More Johnson County residents have cast a ballot in the first 10 days of early voting than ever before, election officials say.
More than 1,400 Johnson County residents have voted since early voting began on April 5.
With two weeks of early voting left, Johnson County Clerk Susie Misiniec is optimistic that 10,000 residents — or about 10 percent of all voters — will cast a ballot before Election Day, Misiniec said.
Misiniec and other county officials have been encouraging early voting as much as they can, she said.
About 80 to 100 voters have stopped in each day since early voting started at the beginning of the month, said Reagan Higdon, deputy clerk. The busiest time is between 10 a.m. and 2 p.m. as many voters are running errands or out to lunch, Higdon said.
As of this week, the county has more than 104,000 registered voters, which is likely contributing to the increase in early voting, Higdon said. Johnson County’s adult population was estimated at 110,016 in 2014, meaning that nearly 95 percent of the eligible population is registered to cast a ballot.
On Friday, Greenwood resident Gail Cloutier was leaving lunch when she decided to get her voting done early, Cloutier said.
Cloutier will almost always vote early when she can because of the convenience of having multiple days to stop in and cast her ballot when she chooses, as opposed to waiting until Election Day, she said.
Cloutier already knew who she was going to vote for, so it makes early voting even easier, she said.
“If you know who you’re going to vote for, come out and vote early,” Cloutier said.
On Friday, the Johnson County Courthouse continued to see a steady flow of early voters. As he walked into the basement of the courthouse, Greenwood resident Doug Marley was surprised to see so many people voting early, he said.
Marley doesn’t have a set schedule working as a truck driver, so voting early, or as soon as he can, has always been routine, he said. But this year, the amount of voters was more than he can remember, especially for a primary election, Marley said.
“I didn’t know this many people voted early,” Marley said. “I was surprised by how busy it was.”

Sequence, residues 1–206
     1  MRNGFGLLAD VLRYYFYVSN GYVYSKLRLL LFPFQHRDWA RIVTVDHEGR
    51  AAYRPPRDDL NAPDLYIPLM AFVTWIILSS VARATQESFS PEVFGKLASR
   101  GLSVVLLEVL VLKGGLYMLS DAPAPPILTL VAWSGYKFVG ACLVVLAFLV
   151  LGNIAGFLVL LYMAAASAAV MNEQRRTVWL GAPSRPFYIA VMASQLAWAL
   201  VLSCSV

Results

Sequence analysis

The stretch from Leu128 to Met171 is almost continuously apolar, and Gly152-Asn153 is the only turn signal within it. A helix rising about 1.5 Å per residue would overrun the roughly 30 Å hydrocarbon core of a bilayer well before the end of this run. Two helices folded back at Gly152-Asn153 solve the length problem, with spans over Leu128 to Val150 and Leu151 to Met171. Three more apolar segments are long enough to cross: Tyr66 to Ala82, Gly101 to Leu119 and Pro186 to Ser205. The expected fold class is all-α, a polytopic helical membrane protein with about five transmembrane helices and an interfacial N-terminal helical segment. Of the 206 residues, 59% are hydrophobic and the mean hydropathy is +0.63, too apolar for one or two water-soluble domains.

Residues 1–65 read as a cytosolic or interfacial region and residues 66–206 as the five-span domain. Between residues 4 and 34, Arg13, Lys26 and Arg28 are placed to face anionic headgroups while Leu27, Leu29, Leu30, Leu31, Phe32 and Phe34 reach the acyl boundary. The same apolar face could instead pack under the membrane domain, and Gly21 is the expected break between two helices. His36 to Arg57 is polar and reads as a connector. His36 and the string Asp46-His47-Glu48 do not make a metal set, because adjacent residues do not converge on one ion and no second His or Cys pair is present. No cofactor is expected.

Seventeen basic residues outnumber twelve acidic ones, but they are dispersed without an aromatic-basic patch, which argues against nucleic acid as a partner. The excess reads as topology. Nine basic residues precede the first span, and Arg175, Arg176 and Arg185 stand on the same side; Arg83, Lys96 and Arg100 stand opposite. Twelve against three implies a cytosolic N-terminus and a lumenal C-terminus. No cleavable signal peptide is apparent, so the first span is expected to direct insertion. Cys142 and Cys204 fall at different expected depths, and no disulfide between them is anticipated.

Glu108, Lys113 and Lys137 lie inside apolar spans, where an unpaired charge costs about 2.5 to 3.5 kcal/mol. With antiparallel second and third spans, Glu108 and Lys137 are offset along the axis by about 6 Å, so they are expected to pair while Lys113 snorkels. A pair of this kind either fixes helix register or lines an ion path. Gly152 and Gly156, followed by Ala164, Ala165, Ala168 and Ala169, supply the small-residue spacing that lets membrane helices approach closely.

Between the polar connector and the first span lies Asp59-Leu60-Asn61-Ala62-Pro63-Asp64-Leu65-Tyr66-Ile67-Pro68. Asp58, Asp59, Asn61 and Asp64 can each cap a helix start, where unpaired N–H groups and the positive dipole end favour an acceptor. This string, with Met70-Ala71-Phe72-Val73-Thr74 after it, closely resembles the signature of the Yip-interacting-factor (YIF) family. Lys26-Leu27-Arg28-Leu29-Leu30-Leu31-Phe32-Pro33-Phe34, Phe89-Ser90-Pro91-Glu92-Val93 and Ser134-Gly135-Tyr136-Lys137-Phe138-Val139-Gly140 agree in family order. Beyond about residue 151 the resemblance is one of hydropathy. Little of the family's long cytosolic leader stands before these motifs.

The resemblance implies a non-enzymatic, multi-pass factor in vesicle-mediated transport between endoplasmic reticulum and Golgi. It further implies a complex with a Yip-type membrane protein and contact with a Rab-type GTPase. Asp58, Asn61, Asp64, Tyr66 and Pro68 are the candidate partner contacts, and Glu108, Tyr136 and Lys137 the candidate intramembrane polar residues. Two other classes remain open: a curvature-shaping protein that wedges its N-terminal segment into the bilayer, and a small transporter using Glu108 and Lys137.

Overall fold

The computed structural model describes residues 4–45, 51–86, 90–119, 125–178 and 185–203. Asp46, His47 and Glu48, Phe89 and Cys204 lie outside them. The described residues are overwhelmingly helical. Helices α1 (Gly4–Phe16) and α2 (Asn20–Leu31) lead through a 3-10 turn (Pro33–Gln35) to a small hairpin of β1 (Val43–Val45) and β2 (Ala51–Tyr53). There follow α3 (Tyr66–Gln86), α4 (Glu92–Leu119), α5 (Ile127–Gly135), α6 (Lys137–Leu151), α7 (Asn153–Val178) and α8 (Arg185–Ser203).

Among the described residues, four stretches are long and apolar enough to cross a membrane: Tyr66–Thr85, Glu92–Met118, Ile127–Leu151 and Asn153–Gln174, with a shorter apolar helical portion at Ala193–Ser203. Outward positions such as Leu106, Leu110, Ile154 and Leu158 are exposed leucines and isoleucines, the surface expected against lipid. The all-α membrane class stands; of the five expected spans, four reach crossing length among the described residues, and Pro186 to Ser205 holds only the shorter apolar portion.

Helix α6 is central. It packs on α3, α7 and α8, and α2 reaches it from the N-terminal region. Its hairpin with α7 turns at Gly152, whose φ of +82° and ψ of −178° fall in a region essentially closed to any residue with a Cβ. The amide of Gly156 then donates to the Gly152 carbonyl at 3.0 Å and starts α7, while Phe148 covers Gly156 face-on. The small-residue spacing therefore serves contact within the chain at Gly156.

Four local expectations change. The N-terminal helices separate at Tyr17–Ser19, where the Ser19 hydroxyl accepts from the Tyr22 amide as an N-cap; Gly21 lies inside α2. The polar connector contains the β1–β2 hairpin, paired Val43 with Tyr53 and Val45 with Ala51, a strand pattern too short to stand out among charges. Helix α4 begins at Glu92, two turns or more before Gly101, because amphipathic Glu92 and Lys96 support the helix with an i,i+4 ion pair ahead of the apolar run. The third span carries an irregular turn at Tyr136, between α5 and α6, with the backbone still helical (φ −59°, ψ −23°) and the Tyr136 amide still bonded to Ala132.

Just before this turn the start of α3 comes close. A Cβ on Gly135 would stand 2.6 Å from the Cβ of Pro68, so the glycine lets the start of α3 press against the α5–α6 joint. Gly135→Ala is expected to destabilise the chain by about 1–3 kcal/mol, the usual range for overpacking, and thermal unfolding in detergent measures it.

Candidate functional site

Johnson County has traditionally struggled with getting residents to vote early, Misiniec said. But as of Friday morning, more than 700 early voters had stopped by the Johnson County Courthouse to cast their ballot, and more than 700 mail-in ballots have been received, she said.
“We are thrilled. This is the most early voting we have ever had,” Misiniec said. “It will be a busy Election Day and I think people realize that.”
Saturday voting will begin this week, which provides an opportunity for more people to cast a ballot, Misiniec said. The county will open four early voting sites on Saturday, Misiniec said.
At the two Greenwood locations, a combined 1,400 people made it out to vote in the 2014 general election, Higdon said.
With the number of early voters so far, Misiniec is optimistic that the county could set a new record for early voting turnout, she said.
“I know we will get to 1,000 early voters at the courthouse, maybe even 1,500,” Misiniec said. “But I’m still hoping for 10,000 (total). I hope to see other early voting locations reach 1,000 voters.”
Early voting continues through April 29. Here is a look at where you can vote this week:
Monday through Friday: 8:30 a.m. to 4:30 p.m.
Johnson County Courthouse, 5 E. Jefferson St., Franklin
Saturday: 8 a.m. to 3 p.m.
Johnson County Courthouse, Franklin
Jonathan Byrd’s Cafeteria, 100 Byrd Way, Greenwood
Mount Pleasant Christian Church, 381 N. Bluff Road, Greenwood
Franklin Community Center, 396 Branigan Blvd., Franklin
Trafalgar Public Library, 424 S. Tower St., Trafalgar